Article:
U.K. house prices increased to a four-year high in July as London’s booming property market widened its divergence with the rest of the country, Acadametrics Ltd. said.
The average cost of a home in England and Wales rose 0.2 percent from June to 225,769 pounds ($353,000), the most since June 2008, Acadametrics and LSL Property Services Plc said in a report published in London today. Prices climbed 3.2 percent from a year earlier.
“This month we report stunning growth in some London boroughs,” Peter Williams, chairman of Acadametrics, said in a statement. “The Greater London housing market is another country compared with the remainder of the U.K.” and “is likely to continue to move further out of line with all or most of the market in the rest of England and Wales.”
The figures highlight how the British capital is skewing the national picture at a time when mortgage rationing and job losses are curbing demand for homes elsewhere in Britain. The Bank of England said this week that overall house prices have remained “broadly unchanged” in the past two years and that, adjusted for inflation, they have actually declined.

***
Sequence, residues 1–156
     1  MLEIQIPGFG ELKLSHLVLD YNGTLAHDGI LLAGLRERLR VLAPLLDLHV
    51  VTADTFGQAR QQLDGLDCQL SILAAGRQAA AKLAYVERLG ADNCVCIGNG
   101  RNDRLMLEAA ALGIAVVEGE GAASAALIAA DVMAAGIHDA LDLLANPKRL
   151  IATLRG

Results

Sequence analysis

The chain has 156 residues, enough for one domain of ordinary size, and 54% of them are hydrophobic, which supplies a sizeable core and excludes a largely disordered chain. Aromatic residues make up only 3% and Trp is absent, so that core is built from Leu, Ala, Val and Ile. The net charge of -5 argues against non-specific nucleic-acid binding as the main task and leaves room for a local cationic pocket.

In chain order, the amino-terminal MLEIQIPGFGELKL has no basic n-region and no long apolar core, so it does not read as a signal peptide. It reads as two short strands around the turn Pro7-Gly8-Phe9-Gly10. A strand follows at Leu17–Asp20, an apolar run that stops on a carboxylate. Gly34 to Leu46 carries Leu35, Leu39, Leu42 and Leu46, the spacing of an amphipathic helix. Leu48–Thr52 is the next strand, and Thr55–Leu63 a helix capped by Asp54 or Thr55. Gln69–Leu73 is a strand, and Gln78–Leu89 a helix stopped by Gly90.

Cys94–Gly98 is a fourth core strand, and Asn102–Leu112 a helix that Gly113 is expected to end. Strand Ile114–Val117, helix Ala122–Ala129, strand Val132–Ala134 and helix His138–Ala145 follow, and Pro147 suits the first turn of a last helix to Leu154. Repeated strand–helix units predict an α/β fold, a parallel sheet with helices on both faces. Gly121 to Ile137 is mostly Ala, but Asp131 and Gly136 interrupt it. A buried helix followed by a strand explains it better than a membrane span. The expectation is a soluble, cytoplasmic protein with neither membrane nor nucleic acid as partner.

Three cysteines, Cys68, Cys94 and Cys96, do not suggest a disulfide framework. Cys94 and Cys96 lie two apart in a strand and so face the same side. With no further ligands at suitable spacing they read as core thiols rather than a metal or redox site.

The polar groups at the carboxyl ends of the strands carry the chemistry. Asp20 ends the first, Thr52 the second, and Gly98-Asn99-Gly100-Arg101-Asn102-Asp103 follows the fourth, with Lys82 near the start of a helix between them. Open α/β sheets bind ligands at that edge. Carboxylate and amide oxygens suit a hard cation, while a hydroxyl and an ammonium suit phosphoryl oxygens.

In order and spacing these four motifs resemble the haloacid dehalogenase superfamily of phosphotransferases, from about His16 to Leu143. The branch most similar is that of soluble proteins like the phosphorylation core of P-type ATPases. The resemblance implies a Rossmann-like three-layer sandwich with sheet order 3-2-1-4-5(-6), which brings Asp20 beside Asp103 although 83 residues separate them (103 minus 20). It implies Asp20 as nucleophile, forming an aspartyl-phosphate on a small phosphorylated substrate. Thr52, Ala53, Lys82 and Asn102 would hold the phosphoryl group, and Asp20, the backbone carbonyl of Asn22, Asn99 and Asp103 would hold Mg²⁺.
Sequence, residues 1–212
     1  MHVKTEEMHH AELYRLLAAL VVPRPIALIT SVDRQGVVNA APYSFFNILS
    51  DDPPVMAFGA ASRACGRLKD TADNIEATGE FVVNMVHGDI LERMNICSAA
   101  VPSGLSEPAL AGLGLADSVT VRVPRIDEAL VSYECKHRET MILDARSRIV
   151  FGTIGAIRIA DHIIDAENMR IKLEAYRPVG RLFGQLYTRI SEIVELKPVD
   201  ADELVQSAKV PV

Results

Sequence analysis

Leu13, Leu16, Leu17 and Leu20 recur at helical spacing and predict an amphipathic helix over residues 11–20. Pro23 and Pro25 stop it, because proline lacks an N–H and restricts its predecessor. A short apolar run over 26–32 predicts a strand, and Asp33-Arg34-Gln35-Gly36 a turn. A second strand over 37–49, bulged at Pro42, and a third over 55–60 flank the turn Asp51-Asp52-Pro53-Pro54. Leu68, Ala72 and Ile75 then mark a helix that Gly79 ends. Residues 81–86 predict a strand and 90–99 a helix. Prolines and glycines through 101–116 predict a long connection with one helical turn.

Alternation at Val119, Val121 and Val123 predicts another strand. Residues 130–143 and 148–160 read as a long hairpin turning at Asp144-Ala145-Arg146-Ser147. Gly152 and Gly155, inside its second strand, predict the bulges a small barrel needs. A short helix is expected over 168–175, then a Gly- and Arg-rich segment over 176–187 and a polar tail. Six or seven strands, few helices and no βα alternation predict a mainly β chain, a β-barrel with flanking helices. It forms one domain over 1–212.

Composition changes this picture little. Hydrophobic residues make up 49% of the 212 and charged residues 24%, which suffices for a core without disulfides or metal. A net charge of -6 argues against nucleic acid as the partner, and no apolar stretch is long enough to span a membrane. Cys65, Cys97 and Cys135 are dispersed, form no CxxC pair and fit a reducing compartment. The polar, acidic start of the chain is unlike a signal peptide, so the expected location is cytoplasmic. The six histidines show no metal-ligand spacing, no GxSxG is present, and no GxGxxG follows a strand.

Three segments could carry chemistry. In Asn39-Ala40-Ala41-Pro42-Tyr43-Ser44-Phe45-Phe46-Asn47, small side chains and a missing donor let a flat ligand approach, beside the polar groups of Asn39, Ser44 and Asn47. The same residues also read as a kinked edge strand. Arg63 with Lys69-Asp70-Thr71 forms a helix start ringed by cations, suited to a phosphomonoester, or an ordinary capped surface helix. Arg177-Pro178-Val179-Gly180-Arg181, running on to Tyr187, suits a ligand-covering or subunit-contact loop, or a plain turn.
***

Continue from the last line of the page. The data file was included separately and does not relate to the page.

London prices rose 11.8 percent in June from a year earlier, driven by gains of 38 percent in Kensington and Chelsea, 21 percent in Camden and 20 percent in Westminster, Acadametrics said. Such increases dwarfed gains of 3.6 percent for England and Wales as a whole and masked price drops recorded in the north of England, the West Midlands and the northwest.
Transactions rose 11 percent in July from the previous month, double the more usual 5 percent gain seen at this time of year, Acadametrics said.
“This may reflect the return of buyers to the market after taking part in street parties, watching television and enjoying an extra bank holiday during the queen’s Jubilee” the previous month, Williams said. “We would expect that transactions will remain weak at around the 60,000 per month level,” compared with 100,000 during the property boom of the last decade.
Acadametrics and LSL combine initial transaction data from the Land Registry and results from other price measures to produce their housing index.
Williams stressed that the Acadametrics measure differs from property indexes by mortgage lenders such as Lloyds Banking Group’s Halifax division or Nationwide Building Society because it incorporates transactions rather than loan offers, which are granted earlier in the buying process. This month’s data can therefore be compared with those of Nationwide for May, which showed a 0.3 percent monthly increase, rather than July.